I remember a moment when I was a little girl, probably in second or third grade. I asked my mother – not in so few words – when I was going to get an hourglass figure. I was looking forward to the point at which I could wear shell bikini and have it fit right. I think I had in my mind a picture of Princess Jasmine and Ariel; I thought about my Barbies. I wasn’t exactly expecting a waist I could fit my hands around or boobs the size of cantaloupes or anything, just the general curve of an hourglass figure. I didn’t think that was something I needed to ask for, much less that it was too much to ask.
When I hit puberty, I was pretty quickly disabused of the notion that was going to happen. It doesn’t matter how much weight I lose or gain, this figure will never be hourglass without surgery, and I’m personally (meaning, for me) opposed to unnecessary cosmetic surgery.
Over the years, I’ve tried to make peace with my decidedly unhourglassy shape. I waited to get pretty (according to my definition, which is incredibly broad, by the way), and it never really happened.
I’m not unfortunate-looking or anything, and I think I have a pleasant enough face that occasionally slips into pretty under the right circumstances, but “Not That Girl” sometimes feels like my appearance anthem.
Like many women without looks to depend on, I’ve tried developing other aspects of myself. I’ve tried to be intelligent. I’ve embraced the challenge of looking interesting, if I can’t be pretty. I’ve tried to develop my various creative talents, to varying degrees of success. I’ve tried to develop my sense of empathy. I’ve tried to fix myself as a person. But it’s harder when you know that all of these will never amount to quite as much as beauty in many people’s opinions. Many people’s very loud opinions.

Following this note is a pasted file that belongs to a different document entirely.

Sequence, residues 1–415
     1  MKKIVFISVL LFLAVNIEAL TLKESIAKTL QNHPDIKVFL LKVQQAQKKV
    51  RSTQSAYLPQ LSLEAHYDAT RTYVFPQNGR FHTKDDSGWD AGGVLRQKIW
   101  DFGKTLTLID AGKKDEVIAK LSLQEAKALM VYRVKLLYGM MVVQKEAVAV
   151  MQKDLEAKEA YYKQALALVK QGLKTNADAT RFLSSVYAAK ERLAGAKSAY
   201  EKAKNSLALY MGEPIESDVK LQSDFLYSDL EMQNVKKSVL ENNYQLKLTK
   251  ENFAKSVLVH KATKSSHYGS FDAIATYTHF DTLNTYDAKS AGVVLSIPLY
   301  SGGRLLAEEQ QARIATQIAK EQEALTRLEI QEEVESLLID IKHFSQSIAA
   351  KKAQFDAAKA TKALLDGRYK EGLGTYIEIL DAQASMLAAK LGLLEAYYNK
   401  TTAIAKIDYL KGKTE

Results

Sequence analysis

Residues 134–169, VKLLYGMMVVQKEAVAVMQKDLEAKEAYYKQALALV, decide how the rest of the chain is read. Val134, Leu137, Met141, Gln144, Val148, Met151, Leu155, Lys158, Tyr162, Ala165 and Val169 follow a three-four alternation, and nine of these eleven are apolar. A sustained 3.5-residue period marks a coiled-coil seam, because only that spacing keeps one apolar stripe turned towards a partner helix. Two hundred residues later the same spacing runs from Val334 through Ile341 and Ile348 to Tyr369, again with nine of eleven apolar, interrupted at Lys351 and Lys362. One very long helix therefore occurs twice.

Of course, being pretty isn’t a picnic either. In the end, as a woman you’re sometimes stuck in the “can’t win” aisle: People dismiss your opinions because you’re ugly, and they can’t really hear your opinions (or sometimes don’t care to hear them) because they’re too distracted by your beauty.
Two years ago, I reached the heaviest I ever was, just over the line from overweight to obese in terms of body fat content (not the problematic BMI). There were things that were unpleasant about it, such as my tiny feet hurting a lot, general strain on my body, and some unpleasant GI symptoms now and then. And I didn’t like the way the fat looked, of course.
I lost thirty pounds, although not due to a radical diet or exercise regimen (because my feet still hurt when I run). Truth to tell, I just lost my appetite for six months, and that changed the way I ate and how much I could manage to eat. I was never much for eating a ton, but I’m short, so it takes less to make a big difference. So I lost the thirty pounds, and I’ve kept it off. Imagine my frustration when most of the fat that I most hated decided to stick around. I know you can’t target fat loss, but come on.
The only conclusion I reach is that there isn’t a hidden princess in this body. It will always be this general shape, even if I lose another twenty pounds, even if I add another twenty pounds on. It will keep its proportions no matter what I do. It’s frustrating to have to accept this and move on, to relinquish that dream and accept I’ll never get to experience what it’s like to have that body, that I’ll never know what it’s like for a girl to be beautiful.
The heartbreaking thing, I think, is that 98% of women probably feel this way. Many of us are beautiful and will never know it. Many of us are beautiful to the right people, but never believe it. And many of us will be humiliated and ridiculed and beaten down for not meeting an arbitrary and mostly impossible standard of beauty, as though that’s the thing that should matter. Whether or not it should matter, that doesn’t make things any easier.